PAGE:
Earthworms and Your Lawn
May 3, 2022
Have you noticed little mud balls sitting on your lawn recently? These mud balls or castings are an eyesore when there’s lots of them, particularly if you like to cut your lawn nice and short. We receive many enquiries relating to this annoying earthworm activity but it’s actually one lawn issue that we do not recommend treating. With changing conditions and a bit of patience, these castings will stop appearing and your lawn can reap the benefits of the earthworms presence in your soil.
These pleasant creatures are actually brilliant for your lawns health and they are busily working away beneath the surface. If earthworms are present in your soil, it means you have healthy soil that contains a good amount of organic material, so there is no reason to worry about them. If anything, you should be more worried if they are not present, as this will likely mean that your soil is lacking in nutrients and a good amount of organic matter.
These mounds can seem like a bit of a nuisance to deal with, but they are a sure sign of success. Here’s why:
- Aeration of your soil
- Breaking down of thatch
- Increased decomposition
- Creation of usable nitrogen in the soil
Why would earthworms be considered a problem for your lawn?
Well the main reason you tend to notice that there are worms in your lawn is when they come up to the surface. During Spring and again in Autumn, or times of increased moisture, earthworms will rise to the surface and start leaving castings also known as mud balls. Castings are small mounds of worm excrement or digested organic matter, which is beneficial for your lawn. The only issue here is the appearance of these castings on top of your lawn, particularly if there are heaps of them.
What you can do about earthworm castings
- When the castings are dry, you can rake or brush them across the lawn. Much like an organic fertiliser this will then settle the castings into the roots and provide nutrition for your lawn.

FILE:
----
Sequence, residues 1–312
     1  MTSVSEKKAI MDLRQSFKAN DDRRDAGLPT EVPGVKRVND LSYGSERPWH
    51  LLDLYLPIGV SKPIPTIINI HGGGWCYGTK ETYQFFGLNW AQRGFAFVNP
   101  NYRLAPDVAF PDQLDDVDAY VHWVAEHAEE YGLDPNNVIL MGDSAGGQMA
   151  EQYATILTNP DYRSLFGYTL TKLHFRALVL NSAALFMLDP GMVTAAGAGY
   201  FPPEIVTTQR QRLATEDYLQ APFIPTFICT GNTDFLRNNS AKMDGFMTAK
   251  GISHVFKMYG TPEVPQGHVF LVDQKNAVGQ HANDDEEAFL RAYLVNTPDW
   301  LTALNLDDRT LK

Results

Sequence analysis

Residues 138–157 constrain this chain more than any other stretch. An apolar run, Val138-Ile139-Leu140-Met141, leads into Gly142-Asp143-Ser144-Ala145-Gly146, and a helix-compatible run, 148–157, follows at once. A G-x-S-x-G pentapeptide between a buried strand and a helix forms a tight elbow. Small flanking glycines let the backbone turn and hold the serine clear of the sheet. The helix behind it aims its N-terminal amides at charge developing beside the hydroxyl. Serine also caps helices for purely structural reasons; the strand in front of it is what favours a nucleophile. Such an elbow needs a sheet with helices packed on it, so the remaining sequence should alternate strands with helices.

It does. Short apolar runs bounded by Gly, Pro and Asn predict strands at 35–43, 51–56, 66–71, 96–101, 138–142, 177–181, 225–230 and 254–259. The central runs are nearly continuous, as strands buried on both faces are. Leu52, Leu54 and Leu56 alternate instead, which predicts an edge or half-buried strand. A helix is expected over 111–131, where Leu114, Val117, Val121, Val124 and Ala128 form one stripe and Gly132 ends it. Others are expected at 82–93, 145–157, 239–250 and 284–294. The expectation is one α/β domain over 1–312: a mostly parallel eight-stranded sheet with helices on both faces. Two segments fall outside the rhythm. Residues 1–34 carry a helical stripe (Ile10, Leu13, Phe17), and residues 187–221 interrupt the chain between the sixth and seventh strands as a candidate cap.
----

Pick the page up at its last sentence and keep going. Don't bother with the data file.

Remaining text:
- During wet periods when there is no break in rainfall, instead of waiting weeks for the castings to dry out, in some cases you can simply pick them up by hand. These castings are then best added to a compost bin.
- As worm activity is a sign of higher moisture levels, you can limit the amount of water your lawn is receiving to try and lessen their activity. When you do this, the worms will delve deeper into the soil in search of moisture. If rain and wet conditions have been persistent, then this can be particularly frustrating and the castings may stick around for an extended period. A very quick blast with a hose will help wash the castings in, lessoning their appearance on the lawn. The addition of even more water can obviously be somewhat counterproductive, so we only recommend doing this when castings are particularly bad and the additional water is minimal compared to the rain already being received.
- Mow your lawn on a higher setting to lessen the appearance of castings in your lawn.
Limiting worm activity
- Earth worms can rise to the surface to look for additional food sources like lawn clippings or leaves. By raking up leaves and mowing with a catcher you will reduce their food sources above the surface, letting them go back beneath the soil to look for food.
- Top dress your lawn with a high sand content top dressing. This will help lower the moisture levels closer to the surface, encouraging them to go down into the soil. This is best done in the warmer months while your lawn is actively growing.
So next time you see these little mounds in your lawn, try not to cringe – give yourself a pat on the back, reduce their appearance as best you can and enjoy the benefits they are providing to your soil and your lawn.